Sunday, August 2 to Tuesday, August 4
We left Groningen on a quiet Sunday morning, making our way out of town by following the amazing bike routing system of ‘knooppunten’ (node points). It was sunny, quiet and the country side pretty. Still flat, but lots of beautiful farmhouses, country estates and country roads. Roy even found a unique bench for a rest; unfortunately the beer was missing, so we carried on.
Our destination that day was Joure, a town in the province of Friesland and gateway to the Friesian lakes area. Friesland is popular for its lakes and canals and is a boaters mecca. Several times we had to wait for open bridges to let sailboats and yachts go through. This part of the country is littered with small towns and cafes, often right by a canal. Boats pull up and moor right in front of a cafe for a coffee or snack. Very civilized. I do love the wilderness and nature in Canada, but there is something to be said for being able to stop at a cafe and enjoy an ice cream sundae while boating.
Coming to this part of the Netherlands makes me think about my Dad and his side of the family. Both my paternal grandparents are from here. We visited Makkum, where my grandmother was from, and ended the day in Harlingen, a beautiful port town on the Waddenzee, where my grandfather was from. We celebrated Roy’s birthday in Harlingen with a dinner on a patio on the Noorderhaven, right by the canal.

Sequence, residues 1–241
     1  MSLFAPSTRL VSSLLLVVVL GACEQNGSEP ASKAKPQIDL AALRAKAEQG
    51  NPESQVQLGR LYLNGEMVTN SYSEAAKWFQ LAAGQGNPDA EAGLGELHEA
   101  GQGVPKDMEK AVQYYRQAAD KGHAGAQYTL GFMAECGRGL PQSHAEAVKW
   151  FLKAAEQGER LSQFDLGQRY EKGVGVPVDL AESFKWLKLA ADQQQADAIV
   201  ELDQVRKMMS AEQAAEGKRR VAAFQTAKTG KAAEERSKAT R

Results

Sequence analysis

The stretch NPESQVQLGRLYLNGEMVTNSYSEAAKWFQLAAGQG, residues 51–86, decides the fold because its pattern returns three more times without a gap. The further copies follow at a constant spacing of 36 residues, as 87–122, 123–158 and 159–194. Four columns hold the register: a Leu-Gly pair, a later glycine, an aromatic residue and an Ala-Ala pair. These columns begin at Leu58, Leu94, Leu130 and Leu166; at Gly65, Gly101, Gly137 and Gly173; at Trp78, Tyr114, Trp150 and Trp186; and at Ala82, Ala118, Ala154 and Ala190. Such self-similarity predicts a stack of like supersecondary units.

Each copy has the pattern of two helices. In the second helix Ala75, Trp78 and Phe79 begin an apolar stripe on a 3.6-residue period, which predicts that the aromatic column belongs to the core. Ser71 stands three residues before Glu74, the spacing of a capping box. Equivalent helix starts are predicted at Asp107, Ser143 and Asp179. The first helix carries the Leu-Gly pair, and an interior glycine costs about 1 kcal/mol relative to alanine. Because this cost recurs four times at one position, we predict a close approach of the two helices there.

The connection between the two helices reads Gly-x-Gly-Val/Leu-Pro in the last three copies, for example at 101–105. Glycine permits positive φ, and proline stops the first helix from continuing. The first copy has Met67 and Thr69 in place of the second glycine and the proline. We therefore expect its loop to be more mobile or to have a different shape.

Today we rode the Afsluitdijk–a 30km long dike built around 1932, that closed off what was known as the Zuiderzee (now called the IJsselmeer) from the North sea. I sincerely hoped we wouldn’t have strong headwinds, because 30km is a long way to go! But we were lucky; the winds weren’t strong and for most part the dike sheltered us (the road and bike path run behind the tall part of the dike.) I recalled stories from my Dad about him cycling that same dike as a teenager during the war to visit relatives on the other side. That would have been quite a different experience in those circumstances.
Tonight we’re in the town of Den Helder, my Dad’s birth place. It’s at the very tip of this part Holland and very much a port town. It has a very different, more transcient feel than most towns in Holland. Shipping, oil and the navy seem the main industries. While out for dinner, we overheard several conversations of shipping and oil crew members in English.
Despite its lack of charm, finding accommodation was difficult here. The only room we could find was a room for people with mobility problems or in wheel chairs. Not really a problem I thought, and it isn’t. The room is actually a small suite, which is nice–but with the wide spaces, high beds, lazy-boy electric chairs, and support bars in the bathroom, it does feel a bit weird, especially to Roy who just celebrated a milestone birthday yesterday.
Tomorrow night we are in Den Helder as well, although in a different hotel due to the lack of available accommodation. During the day we’re planning a day trip to the island of Texel, a 20 minute ferry ride from here. Texel is where the my dad’s clan originates, so the plan is to visit ‘new’ relatives. We’ll keep you posted.